June 21, 2021

Same bar, new look: Harry’s Night Club and Beach Bar gets a refresh | Strokes & Plugs | San Luis Obispo

Harry’s Night Club and Beach Bar first opened in the 1950s, hardly noticeable among the dozen or so other bars sprinkled throughout downtown Pismo Beach at the time. A lot has changed since then—shirt shops and hotels stand in the spaces that many of Pismo’s long-closed bars once claimed, and Harry’s ownership has changed hands several times over the years—but the actual structure and interior of Harry’s has largely remained untouched.

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THE LAST MAKEOVER Harry's Night Club and Beach Bar is in the midst of a major upgrade, for the first time since former owners Paul and Joan Bailey outfitted the building's exterior with Western-style siding and roofing in the '80s. - PHOTOS COURTESY OF EFFIE MCDERMOTT

  • Photos Courtesy Of Effie McDermott
  • THE LAST MAKEOVER Harry’s Night Club and Beach Bar is in the midst of a major upgrade, for the first time since former owners Paul and Joan Bailey outfitted the building’s exterior with Western-style siding and roofing in the ’80s.

When the COVID-19 pandemic hit in March 2020, putting live music and indoor dining on hold for more than a year, current owner Mike Frey used the unusual series of events to his advantage.

“The closure offered us an opportunity to make some repairs and upgrades that we otherwise would have never had an opportunity to do. We’re taking the ultimate lemons and making them lemon drops,” Frey said with a chuckle.

Harry’s is getting a serious renovation. First there are the structural repairs—old water lines and electric wiring in need of replacements and updates. Then there are the long awaited cosmetic changes, including all new seating and tables. Frey, a Bakersfield resident who purchased the Pismo Beach staple in 2014, assured New Times that Harry’s beloved bar and dance floor will be essentially unchanged, and the establishment will still be home to two pool tables and the same general divey aura.

“It’s just time for a refresh on some things,” he said.

The last major renovation at Harry’s was in 1987, when then owners Paul and Joan Bailey outfitted the building’s once bland exterior with its still existing Western-style siding and shingles.

Effie McDermott, a local historian who wrote a book detailing the history of Pismo Beach and its people, said it was the Baileys who truly put Harry’s on the map, through aggressive advertising, live music, and Paul’s reputation for eccentricity. Paul, who often wore layers of expensive jewelry and drove a Rolls-Royce, made the LA Times in 1995, after he was elected mayor of Pismo and sued the city for roughly $10 million over claims that the then police chief had unfairly targeted Harry’s in a drug trafficking investigation.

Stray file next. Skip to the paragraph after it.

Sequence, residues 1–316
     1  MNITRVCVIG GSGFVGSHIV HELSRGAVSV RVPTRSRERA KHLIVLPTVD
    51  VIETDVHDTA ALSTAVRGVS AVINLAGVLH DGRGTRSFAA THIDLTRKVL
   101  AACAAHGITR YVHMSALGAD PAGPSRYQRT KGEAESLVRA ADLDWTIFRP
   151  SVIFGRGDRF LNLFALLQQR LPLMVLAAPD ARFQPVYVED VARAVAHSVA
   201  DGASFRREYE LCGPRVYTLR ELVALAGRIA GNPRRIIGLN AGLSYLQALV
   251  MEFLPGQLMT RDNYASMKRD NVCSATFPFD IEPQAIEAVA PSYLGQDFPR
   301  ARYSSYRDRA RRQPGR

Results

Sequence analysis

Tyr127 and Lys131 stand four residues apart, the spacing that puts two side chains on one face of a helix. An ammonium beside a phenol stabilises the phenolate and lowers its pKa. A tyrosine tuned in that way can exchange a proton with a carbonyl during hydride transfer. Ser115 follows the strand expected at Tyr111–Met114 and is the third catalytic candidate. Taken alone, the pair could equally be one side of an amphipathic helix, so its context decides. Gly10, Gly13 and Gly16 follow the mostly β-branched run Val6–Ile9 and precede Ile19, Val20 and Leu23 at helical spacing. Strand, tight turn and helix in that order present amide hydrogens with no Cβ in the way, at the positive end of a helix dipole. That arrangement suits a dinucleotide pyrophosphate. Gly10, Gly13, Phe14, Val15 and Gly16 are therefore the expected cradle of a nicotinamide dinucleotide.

City leaders at that time wanted to put an end to Harry’s. Now, McDermott said, it’s the only bar from that era still standing.

“The new hotels and restaurants serve cocktails and have cocktail lounges,” she said, “but Harry’s is the one true ‘bar,’ with live music, dancing, pool, motorcycle parking by the front door, and that an occasional horseback rider has come in the door.”

Recent work on Harry’s started almost immediately in the spring of 2020, but Frey said it’s not clear when it will be finished and the bar reopened. He’s gunning for California’s June 15 reopening date, but, with a lot left to do, he’s not too optimistic.

That leaves locals and tourists alike without any Harry’s for the time being, partly because Frey also closed his pandemic-era outdoor venue, Harry’s Corral, in early May to put all his focus on the ongoing renovation. The Corral, which was located outside the Pismo Beach Hotel, was one of the few outdoor live music venues available in South County throughout the most recent months of the pandemic.

“So that was nice to be able to have something for the employees to do and some place for the visitors who missed Harry’s so much,” Frey said.

Now, in the meantime, Harry’s is selling some of its old furniture, from bar stools and booths to barrels.

“We’re just looking forward to getting back to being open as quick as we can, and very soon we’ll be reaching out to the musicians,” Frey said. “Those are the folks I feel the sorriest for during this thing, because they’ve been really shut out of their livelihood.”

• After more than a yearlong closure, the San Luis Obispo Children’s Museum announced on May 18 plans to reopen to members and the general public. Two sessions are being offered Wednesday through Monday, from 10 a.m. to noon and 2 to 4 p.m. Guests are required to wear masks while visiting, and capacity limits are being maintained at 25 percent to ensure social distancing is possible. Reservations are required for attendance and can be made at slocm.org/reserve.

• Water Systems Consulting recently made Inc. magazine’s list of Best Workplaces in 2021 for the fourth time. The San Luis Obispo-based water engineering consulting firm is the only local company that made this year’s list. Δ

Staff Writer Kasey Bubnash wrote this week’s strokes. Send tidbits to strokes@newtimesslo.com.